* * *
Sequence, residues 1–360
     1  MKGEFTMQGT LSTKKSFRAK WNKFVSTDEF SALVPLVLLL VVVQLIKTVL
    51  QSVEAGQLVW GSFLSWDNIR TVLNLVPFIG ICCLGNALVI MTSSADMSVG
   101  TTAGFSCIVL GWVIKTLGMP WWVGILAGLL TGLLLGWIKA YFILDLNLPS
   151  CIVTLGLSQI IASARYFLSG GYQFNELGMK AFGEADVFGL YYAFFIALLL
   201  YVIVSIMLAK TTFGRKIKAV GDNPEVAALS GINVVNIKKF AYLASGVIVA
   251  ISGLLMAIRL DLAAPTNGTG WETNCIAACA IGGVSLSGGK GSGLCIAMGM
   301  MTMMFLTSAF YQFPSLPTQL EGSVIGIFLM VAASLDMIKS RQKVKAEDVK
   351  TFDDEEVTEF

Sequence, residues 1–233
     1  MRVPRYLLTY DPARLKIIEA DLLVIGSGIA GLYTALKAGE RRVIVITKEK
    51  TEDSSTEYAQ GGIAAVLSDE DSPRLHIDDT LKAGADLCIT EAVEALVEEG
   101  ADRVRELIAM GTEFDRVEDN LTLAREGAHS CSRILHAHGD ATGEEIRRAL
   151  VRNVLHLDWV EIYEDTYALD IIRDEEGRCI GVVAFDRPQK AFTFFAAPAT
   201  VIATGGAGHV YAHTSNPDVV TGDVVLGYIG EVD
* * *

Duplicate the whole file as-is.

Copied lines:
Sequence, residues 1–360
     1  MKGEFTMQGT LSTKKSFRAK WNKFVSTDEF SALVPLVLLL VVVQLIKTVL
    51  QSVEAGQLVW GSFLSWDNIR TVLNLVPFIG ICCLGNALVI MTSSADMSVG
   101  TTAGFSCIVL GWVIKTLGMP WWVGILAGLL TGLLLGWIKA YFILDLNLPS
   151  CIVTLGLSQI IASARYFLSG GYQFNELGMK AFGEADVFGL YYAFFIALLL
   201  YVIVSIMLAK TTFGRKIKAV GDNPEVAALS GINVVNIKKF AYLASGVIVA
   251  ISGLLMAIRL DLAAPTNGTG WETNCIAACA IGGVSLSGGK GSGLCIAMGM
   301  MTMMFLTSAF YQFPSLPTQL EGSVIGIFLM VAASLDMIKS RQKVKAEDVK
   351  TFDDEEVTEF

Sequence, residues 1–233
     1  MRVPRYLLTY DPARLKIIEA DLLVIGSGIA GLYTALKAGE RRVIVITKEK
    51  TEDSSTEYAQ GGIAAVLSDE DSPRLHIDDT LKAGADLCIT EAVEALVEEG
   101  ADRVRELIAM GTEFDRVEDN LTLAREGAHS CSRILHAHGD ATGEEIRRAL
   151  VRNVLHLDWV EIYEDTYALD IIRDEEGRCI GVVAFDRPQK AFTFFAAPAT
   201  VIATGGAGHV YAHTSNPDVV TGDVVLGYIG EVD